Since the risk did not produce a loss, the amount of the “what if” loss is the value of ERM.

Alternatively, a significant loss event that affected key competitors but did not affect the company using ERM could be used to assess value. Perhaps it was a natural catastrophe that the company was better protected for or a demographic shift that the company anticipated and reacted to because of ERM.

To get at ERM’s value, the company would have to approximate what the risk, if ignored, would have cost.

Lacking Any Other Explanation Approach

In “The Valuation Implications of Enterprise Risk Management Maturity,” a wholly independent and peer-reviewed research project conducted by Mark Farrell of Queen’s University Management School and Dr. Ronan Gallagher of University of Edinburgh Business School, pub­lished in The Journal of Risk and Insurance, using data from the RIMS Risk Maturity Model, the case is made that, failing any other explanation, the companies with greater maturity have higher valuations because of it. Specifically, the study found that there was “clear and significant statistical correlation between mature enterprise risk management practices and a firm’s value.” Organizations exhibiting mature risk management practices-as assessed with the RIMS Risk Maturity Model-realize a valu­ation premium of 25%.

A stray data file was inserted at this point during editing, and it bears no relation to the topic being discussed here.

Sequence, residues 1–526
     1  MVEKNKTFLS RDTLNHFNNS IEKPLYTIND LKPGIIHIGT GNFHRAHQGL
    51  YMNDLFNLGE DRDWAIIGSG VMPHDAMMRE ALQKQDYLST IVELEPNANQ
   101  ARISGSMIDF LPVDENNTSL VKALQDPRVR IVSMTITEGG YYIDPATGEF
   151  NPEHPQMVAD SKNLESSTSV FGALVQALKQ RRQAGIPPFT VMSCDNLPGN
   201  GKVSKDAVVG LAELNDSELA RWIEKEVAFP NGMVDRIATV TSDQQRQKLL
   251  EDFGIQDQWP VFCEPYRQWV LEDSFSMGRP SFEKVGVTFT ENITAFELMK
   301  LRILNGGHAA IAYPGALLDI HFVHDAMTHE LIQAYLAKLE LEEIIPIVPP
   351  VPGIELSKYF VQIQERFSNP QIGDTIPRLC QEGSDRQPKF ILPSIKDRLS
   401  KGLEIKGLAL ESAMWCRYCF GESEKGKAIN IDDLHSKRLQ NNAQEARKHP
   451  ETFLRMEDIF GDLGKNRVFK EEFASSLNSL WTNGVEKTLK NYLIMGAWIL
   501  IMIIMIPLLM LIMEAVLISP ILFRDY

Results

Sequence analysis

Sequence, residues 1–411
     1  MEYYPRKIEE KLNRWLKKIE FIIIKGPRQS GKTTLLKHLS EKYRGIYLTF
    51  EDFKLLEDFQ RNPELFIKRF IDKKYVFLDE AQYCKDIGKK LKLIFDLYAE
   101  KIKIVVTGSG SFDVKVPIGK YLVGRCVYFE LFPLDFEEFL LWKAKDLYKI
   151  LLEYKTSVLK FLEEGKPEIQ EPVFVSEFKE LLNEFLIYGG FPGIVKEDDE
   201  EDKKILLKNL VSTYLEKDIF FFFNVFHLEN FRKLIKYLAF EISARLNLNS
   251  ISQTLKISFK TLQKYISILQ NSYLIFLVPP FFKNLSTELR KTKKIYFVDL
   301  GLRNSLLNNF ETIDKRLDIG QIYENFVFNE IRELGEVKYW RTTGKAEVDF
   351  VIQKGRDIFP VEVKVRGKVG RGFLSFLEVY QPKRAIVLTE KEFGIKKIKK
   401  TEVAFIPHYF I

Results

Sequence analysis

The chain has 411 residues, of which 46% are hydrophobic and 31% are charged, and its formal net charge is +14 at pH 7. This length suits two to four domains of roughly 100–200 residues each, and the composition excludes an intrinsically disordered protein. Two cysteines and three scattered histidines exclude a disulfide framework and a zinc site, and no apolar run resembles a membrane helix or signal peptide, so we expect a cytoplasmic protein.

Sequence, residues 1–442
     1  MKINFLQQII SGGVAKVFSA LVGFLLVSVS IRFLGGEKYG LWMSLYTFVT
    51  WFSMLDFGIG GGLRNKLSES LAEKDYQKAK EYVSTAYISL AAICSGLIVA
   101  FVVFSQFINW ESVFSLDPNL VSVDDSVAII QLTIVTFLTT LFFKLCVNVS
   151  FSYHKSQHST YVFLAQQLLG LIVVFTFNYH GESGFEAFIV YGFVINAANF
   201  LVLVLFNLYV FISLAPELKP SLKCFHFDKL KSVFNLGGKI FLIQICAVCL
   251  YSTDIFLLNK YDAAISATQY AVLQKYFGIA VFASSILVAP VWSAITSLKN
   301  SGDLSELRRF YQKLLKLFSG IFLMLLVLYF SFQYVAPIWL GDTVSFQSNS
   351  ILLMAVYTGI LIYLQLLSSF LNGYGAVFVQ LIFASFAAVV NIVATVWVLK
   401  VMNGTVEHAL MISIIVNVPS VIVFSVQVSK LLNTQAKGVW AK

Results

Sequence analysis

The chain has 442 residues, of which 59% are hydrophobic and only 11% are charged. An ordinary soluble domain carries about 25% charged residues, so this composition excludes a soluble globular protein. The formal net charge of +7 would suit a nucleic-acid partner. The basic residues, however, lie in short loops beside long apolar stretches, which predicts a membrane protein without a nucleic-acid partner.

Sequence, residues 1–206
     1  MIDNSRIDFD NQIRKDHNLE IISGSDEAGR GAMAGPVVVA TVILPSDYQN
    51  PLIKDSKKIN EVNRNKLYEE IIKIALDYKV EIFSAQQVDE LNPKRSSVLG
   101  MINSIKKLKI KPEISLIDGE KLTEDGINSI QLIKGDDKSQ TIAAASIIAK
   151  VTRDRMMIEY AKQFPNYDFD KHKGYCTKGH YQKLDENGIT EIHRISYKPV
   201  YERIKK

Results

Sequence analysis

Discretionary Approach

Yet another approach that does not rely on metrics, per se, is a discretionary approach. In other words, the board, CEO or C-suite could attribute a value to ERM that is based on the recognition that the ERM process has, for example: 1) created a risk aware culture, 2) helped to identify and ameliorate risk, 3) made recovery from risks that have materialized much faster and more efficiently and 4) enhanced the brand among stakeholders.